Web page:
This week’s episode is a first for RYM as we’re so lucky to be joined by reigning World and Olympic champion pole vaulter Katie Nageotte. Katie may not have a lot of long runs in her training but she was a fantastic guest and I absolutely loved the opportunity to nerd out over one of my favorite events in track and field while getting into all the fun Run Your Mouth topics we love.
Katie is an Atlanta-based pole vaulter with a personal best of 4.95m (16 ft 3 in) who won gold in Tokyo and Eugene in 2021 and 2022 along with a World Indoor silver this winter in Serbia. But behind those big championship performances were a lot of mental and physical challenges along the way, and on this episode we talked a lot about the barriers Katie’s had to overcome this year and how managing the “post-Olympic hangover” turned into one of the biggest hurdles of her professional career. This conversation really shows how the end result of an athlete’s season only scratches the surface of their story, and how getting to know some of the sport’s biggest stars can teach you a lot about overcoming your own obstacles.
This episode of Run Your Mouth is presented by Nike. We’ve partnered with them to help share athletes’ stories in a way that reflects the different reasons we all choose to run, work out, and find our part of the track and field community. In my conversations with athletes in all events and all levels over the years, one common theme I hear over and over again is that finding the unique ways running brings you joy is the best way to develop a happy lifelong relationship with the sport.
Come run with Nike. For the everyday and common runner Nike is committed to motivating, standing by, listening to, and helping them from the starting line to the finish line and every inch, meter and mile in between. Whether it’s a local race, a major marathon, or just a run with friends, get out there and run. Just do it. Check out the Nike Run Club app and come run with us.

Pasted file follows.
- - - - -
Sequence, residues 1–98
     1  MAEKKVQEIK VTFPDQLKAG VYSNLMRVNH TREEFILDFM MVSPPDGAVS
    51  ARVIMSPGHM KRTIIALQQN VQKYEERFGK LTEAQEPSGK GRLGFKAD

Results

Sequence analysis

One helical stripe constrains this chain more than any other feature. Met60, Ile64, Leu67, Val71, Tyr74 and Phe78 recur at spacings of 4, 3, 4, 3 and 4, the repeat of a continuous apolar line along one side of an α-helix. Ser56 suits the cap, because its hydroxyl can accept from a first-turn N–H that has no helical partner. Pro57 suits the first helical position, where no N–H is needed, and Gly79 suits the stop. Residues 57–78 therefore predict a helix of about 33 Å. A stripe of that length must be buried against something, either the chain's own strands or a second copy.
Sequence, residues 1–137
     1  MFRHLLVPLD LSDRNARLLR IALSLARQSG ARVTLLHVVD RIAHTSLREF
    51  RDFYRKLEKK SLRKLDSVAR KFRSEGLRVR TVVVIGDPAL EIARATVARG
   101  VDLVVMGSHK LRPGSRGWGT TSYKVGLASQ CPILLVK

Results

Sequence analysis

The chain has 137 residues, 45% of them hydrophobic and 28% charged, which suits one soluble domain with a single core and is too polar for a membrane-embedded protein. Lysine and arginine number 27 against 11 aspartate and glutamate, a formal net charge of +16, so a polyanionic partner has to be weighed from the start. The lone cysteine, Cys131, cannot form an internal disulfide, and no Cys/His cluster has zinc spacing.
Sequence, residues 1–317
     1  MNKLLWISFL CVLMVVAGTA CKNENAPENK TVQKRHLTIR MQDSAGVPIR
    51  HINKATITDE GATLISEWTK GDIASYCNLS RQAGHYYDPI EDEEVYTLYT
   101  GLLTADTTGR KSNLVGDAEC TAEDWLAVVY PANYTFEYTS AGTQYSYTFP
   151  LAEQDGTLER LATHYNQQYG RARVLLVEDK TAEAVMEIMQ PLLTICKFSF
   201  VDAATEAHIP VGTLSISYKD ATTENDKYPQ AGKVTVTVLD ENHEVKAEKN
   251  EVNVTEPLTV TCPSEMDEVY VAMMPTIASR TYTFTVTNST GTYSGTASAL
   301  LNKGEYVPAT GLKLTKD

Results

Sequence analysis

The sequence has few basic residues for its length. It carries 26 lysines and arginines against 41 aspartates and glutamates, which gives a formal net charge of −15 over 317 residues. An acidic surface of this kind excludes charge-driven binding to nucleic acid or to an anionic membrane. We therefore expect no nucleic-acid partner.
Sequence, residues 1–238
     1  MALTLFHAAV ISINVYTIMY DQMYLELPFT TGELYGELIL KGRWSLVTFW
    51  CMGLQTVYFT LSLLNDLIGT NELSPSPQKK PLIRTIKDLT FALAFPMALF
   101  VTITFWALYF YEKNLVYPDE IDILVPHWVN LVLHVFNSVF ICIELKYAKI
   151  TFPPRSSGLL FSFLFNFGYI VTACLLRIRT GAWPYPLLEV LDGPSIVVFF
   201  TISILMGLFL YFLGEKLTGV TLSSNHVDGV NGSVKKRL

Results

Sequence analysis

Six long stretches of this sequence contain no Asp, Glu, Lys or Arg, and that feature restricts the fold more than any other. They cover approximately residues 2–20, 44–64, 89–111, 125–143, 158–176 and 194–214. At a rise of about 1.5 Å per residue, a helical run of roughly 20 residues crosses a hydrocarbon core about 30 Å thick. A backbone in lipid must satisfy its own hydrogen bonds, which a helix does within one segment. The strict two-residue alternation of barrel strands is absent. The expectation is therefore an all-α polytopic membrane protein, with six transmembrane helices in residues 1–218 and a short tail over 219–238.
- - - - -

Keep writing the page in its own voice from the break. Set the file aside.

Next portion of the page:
On the post-Tokyo hangover:
“After I won [Olympic gold] I had so many cool opportunities […] but I didn’t realize how exhausted I was until I started competing again in January. I took six weeks off physically but not stepping away mentally or emotionally took a toll.”
On resetting after the season:
“When I’m training, even on rest days, I’m always focused on vaulting – it’s always in the back of my mind. So when I get time off, being able to step away and not think about pole vault for a while is the best thing for me.”
On growing slowly as an athlete:
“It’s taken me time at every level to reach the top. It took me until senior year of high school to win the state meet, until senior year of college to win a national title. It took me 5 years after college to get a contract. It taught me internal motivation – I’m not doing it for approval; I’m just here to be the best to be I can be.”
On training with Sandi Morris:
“I was pushed harder than I ever have been training with her. We’re competitive people and when we get on the runway we want to win, but in practice we’re training next to each other, rather than against each other.”